Tuesday afternoon, Facebook unexpectedly announced that it planned to purchase Oculus VR, the maker of a virtual reality headset called the Oculus Rift, for $2 billion.
Minecraft Maker Won’t Work With a Facebook-Owned Oculus VR
On Tuesday as the giant social network celebrated the acquisition of Oculus VR, the maker of a virtual reality headset, some game-makers and hardcore gamers took to the Internet to voice their displeasure about the deal — and about Facebook as a company.
Perhaps the most vocal was Markus Persson, the maker of the highly popular game Minecraft, who lambasted Facebook on his personal website and on Twitter.
Mr. Persson said that before news of the $2 billion deal, he had assigned an employee to begin developing a version of Minecraft that would work on the Oculus virtual reality headset. But he noted, with frustration, not anymore.
“Facebook is not a company of grass-roots tech enthusiasts. Facebook is not a game tech company. Facebook has a history of caring about building user numbers, and nothing but building user numbers,” Mr. Persson wrote on his site, clearly pulling no punches. ”I definitely want to be a part of VR,” he wrote, referring to virtual reality, “but I will not work with Facebook.”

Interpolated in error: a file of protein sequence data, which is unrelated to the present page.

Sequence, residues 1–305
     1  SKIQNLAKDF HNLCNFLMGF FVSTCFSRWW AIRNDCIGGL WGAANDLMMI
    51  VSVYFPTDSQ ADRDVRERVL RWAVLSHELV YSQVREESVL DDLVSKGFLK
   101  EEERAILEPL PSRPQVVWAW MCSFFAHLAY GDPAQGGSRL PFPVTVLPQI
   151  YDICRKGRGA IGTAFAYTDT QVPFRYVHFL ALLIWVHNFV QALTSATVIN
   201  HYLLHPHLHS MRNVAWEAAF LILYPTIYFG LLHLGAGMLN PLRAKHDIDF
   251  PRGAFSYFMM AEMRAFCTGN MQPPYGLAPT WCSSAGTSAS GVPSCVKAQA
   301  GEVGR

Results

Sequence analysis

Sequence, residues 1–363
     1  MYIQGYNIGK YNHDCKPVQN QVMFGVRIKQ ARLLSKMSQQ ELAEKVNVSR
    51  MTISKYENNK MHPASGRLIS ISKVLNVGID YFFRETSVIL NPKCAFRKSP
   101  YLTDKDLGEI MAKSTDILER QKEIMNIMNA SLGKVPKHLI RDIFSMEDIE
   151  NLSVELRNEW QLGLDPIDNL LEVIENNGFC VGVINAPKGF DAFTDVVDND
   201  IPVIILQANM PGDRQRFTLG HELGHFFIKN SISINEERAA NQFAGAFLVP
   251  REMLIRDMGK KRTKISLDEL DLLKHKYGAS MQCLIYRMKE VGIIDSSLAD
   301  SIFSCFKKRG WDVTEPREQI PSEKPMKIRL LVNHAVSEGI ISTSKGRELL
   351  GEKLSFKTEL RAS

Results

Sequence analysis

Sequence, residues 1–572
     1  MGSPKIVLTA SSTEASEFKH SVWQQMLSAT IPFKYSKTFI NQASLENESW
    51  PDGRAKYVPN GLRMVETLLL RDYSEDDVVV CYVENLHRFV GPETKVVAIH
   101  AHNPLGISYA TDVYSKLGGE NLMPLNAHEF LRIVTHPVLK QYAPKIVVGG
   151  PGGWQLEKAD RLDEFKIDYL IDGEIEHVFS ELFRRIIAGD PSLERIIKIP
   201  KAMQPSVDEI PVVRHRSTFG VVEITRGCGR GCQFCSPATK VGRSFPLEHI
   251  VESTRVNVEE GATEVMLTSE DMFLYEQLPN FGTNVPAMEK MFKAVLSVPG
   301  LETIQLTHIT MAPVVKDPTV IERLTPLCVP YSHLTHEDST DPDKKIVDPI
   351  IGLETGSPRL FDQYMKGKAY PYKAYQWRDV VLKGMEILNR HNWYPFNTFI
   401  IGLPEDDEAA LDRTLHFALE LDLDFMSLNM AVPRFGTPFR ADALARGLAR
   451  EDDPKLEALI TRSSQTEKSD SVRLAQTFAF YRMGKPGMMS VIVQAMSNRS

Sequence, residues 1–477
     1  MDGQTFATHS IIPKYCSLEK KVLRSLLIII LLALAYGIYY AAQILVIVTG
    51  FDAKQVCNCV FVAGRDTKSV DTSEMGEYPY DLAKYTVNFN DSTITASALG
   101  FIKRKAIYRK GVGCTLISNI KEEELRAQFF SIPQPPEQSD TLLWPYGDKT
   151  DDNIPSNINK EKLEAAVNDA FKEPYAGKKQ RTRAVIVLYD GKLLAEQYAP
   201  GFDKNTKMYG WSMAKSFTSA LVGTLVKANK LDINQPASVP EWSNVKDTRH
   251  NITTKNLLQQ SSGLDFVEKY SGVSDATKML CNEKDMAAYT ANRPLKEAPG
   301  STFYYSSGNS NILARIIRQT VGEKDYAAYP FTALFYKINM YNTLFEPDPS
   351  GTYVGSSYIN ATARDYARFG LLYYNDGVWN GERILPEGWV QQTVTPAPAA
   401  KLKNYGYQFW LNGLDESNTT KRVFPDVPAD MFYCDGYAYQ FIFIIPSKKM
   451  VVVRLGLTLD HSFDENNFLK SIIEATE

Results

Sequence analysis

He also said that Facebook’s “motives are too unclear and shifting, and they haven’t historically been a stable platform. There’s nothing about their history that makes me trust them, and that makes them seem creepy to me.”
This is the second 'bombshell'..first place goes to Bitcon.
Yesterday's news bombshell—Facebook buying the virtual reality company Oculus Rift for $2 billion—has raised some interesting questions about the role of Kickstarter in a startup's success. After all, Oculus Rift began as a small group of garage developers hoping to crowdfund $250,000. The company might not be where it is today if not for those 9,522 Kickstarter backers, none of whom get to see a cent of Facebook's $2 billion, unless they happened to get their hands on some equity.P
Meanwhile, on the Oculus Rift Kickstarter page, some backers are not pleased. Some are demanding refunds. "You selling out to Facebook is a disgrace," writes backer Sergey Chubukov. "It damages not only your reputation, but the whole of crowdfunding. I cannot put into words how betrayed I feel by this."4P